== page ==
After the two shootings this weekend, “mental health pulls the trigger, not the gun,” says President Trump.
This morning, President Trump gave a statement on this weekend’s mass shooting. The first, Saturday’s shooting El Paso which left at least 20 people dead. The second, in Dayton, Ohio happened early Sunday morning and left nine people dead. Trump, mistakenly, referenced Toledo instead of Dayton several times throughout his speech.
The shooter in the El Paso shooting is suspected of posting a racist manifesto on 8chan. For this reason, this shooting has been ruled “domestic terror” by federal authorities, who are considering federal charges against the suspect. Trump, in his remarks, condemned the “racism, bigotry and white supremacy” which appear to have motivated the attack.
Internet and youth radicalization
The President went on to address what he sees as the causes of the attack. The internet, the president said, plays a role in radicalizing young minds. He called for the government to work with social media companies to improve early detection of what he called “red flags.” He went on to condemn “grisly,” violent video games, which, he went on, also play a role in this process of radicalization.
The President’s criticism was, at heart, a cultural one. The culture, he stated, must change to stop “glorifying violence.” This cultural change is, he said, driven by individuals: “every person can choose,” can refuse to embrace violence, to build a culture of life.
Gun violence, according to the President, is the result of mental illness. “Mental Illness pulls the trigger, not the gun.” He called for bipartisan action to strengthen mental health laws, and to ensure that mass shooters receive the death penalty.
Mental illness pulls the trigger but not the gun. Social media and video games pull the trigger but not the gun. The shooter, the internet, the healthcare system, the video game industry, American culture can all be blamed for mass shooting and, moreover, can all be disarmed with legislation; it’s reasonable, in the President’s eyes, to take away video games because they cause shootings, to close our borders because “criminals” are coming over, to surveil the population in order to detect the mental health issues that cause shootings: to take away privacy. It’s okay to take away anything to stop a shooting except the thing that shoots.
Trump mentioned his support for legislation which would prevent those suspected of mental health issues from purchasing firearms, so-called “red flag” laws. He also drew attention to his support of the ban on Bump stocks. He did not use the word Gun control and did not mention further measures to restrict gun access. Trump has also undone Obama-era regulations that made it harder for people with mental illnesses to purchase firearms.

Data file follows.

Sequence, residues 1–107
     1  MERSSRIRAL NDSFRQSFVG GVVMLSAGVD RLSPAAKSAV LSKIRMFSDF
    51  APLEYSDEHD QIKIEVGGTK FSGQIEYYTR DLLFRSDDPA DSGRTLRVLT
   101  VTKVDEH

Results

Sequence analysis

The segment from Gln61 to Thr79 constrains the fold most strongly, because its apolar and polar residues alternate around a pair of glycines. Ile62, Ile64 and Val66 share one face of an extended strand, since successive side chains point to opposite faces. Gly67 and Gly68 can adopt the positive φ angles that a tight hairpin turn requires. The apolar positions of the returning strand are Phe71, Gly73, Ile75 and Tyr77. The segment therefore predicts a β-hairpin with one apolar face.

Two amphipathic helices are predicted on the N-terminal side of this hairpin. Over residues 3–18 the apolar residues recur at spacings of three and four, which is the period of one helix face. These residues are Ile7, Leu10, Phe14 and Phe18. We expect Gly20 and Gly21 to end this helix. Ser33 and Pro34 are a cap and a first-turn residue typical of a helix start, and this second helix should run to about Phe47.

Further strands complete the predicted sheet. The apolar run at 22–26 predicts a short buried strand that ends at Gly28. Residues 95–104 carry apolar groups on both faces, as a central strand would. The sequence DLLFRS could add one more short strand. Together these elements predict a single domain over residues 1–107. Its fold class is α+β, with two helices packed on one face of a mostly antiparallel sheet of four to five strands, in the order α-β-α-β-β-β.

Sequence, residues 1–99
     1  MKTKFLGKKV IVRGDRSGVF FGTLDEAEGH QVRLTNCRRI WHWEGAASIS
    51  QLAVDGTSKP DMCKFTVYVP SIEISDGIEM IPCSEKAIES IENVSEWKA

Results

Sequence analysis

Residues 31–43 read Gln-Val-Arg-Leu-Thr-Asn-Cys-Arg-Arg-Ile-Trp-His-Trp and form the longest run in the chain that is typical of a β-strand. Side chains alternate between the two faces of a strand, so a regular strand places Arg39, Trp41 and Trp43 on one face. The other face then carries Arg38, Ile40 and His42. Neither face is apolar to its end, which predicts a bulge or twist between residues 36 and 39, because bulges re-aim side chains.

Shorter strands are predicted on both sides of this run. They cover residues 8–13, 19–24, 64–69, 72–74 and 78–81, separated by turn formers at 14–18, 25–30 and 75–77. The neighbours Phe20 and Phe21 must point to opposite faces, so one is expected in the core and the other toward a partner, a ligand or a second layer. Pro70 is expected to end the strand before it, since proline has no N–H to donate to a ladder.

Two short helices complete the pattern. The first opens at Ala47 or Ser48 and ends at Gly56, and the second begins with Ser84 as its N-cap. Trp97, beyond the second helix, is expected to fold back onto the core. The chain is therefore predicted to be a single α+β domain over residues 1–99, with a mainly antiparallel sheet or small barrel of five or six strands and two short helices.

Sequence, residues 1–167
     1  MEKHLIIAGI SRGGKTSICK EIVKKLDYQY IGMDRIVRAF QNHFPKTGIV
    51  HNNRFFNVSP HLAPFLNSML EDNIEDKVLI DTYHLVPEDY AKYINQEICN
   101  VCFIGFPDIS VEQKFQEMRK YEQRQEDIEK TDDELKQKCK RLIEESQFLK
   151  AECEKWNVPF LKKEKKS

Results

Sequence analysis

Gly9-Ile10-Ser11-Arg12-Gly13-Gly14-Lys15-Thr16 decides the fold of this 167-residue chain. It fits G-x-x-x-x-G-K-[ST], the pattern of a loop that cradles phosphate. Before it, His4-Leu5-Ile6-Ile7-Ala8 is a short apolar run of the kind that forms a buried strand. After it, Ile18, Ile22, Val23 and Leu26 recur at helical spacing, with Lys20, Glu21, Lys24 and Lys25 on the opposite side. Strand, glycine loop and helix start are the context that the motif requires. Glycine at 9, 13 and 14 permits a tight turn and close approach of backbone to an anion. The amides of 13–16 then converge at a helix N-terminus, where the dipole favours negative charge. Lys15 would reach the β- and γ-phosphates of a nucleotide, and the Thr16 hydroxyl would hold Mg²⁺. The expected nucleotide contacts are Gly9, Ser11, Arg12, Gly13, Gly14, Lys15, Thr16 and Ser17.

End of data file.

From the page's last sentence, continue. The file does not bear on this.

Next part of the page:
“In the two decades since Columbine, our Nation has watched with rising horror and dread as one mass shooting has followed another, one after another, decade after decade.” The President said this after his remarks on the internet and before his call for bipartisan support. Given the context, it seemed as if the President was asserting that the internet, since Columbine, has been the cause of the rise of mass shootings. The president called this rise, a “contagion.”
Mass shootings in the United States do present a public health crisis. The response to mass shootings, however, does not resemble a public health intervention. When a crop of lettuce last year was found to contain E. Coli, you remember, lettuce stopped being sold. The same has not been true of the vector of spread for mass shootings.
American Presidents have adopted all sorts of manners when addressing mass shootings. Obama was moved to tears when discussing Newtown. This was seen as appropriate: presidential effect after a shooting often makes the news. Regardless of the content of his remarks, President Trump’s manner today was appropriate. He delivered his speech—this President who has spoken so much of his high-energy—in the somnambulant tone of an old, tenured lecturer. He sounded exhausted, and this was appropriate.
In decades after this, the era we are living in will be, most likely, of anthropological interest. America in the early 21st century has become uniquely acclimatized to senseless violence. Mass shootings no longer shock. When you first found out about Aurora or Newtown, you were smacked with surprise. You remember. Sometime after that though, maybe after Parkland or Tree of Life but realistically long before any of the shootings I’ve named, you remember, too, when that smack turned into a thud. This thud, the dull sadness, and resignation that, except for those closest to the violence, never reaches into grief is an emotion we have manufactured, today in the US, that hasn’t existed before or elsewhere.
Trump’s remarks today suggest no possibility of real policy to change the circumstances that have given rise to the thud, and mass shootings have lost their ability to inspire action.